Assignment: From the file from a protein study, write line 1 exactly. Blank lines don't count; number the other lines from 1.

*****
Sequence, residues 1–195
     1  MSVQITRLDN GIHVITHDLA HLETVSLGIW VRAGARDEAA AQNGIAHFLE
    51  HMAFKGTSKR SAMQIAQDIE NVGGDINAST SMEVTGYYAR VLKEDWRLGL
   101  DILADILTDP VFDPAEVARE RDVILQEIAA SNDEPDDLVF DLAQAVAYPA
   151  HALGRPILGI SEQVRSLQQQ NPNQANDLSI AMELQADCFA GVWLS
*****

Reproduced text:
Sequence, residues 1–195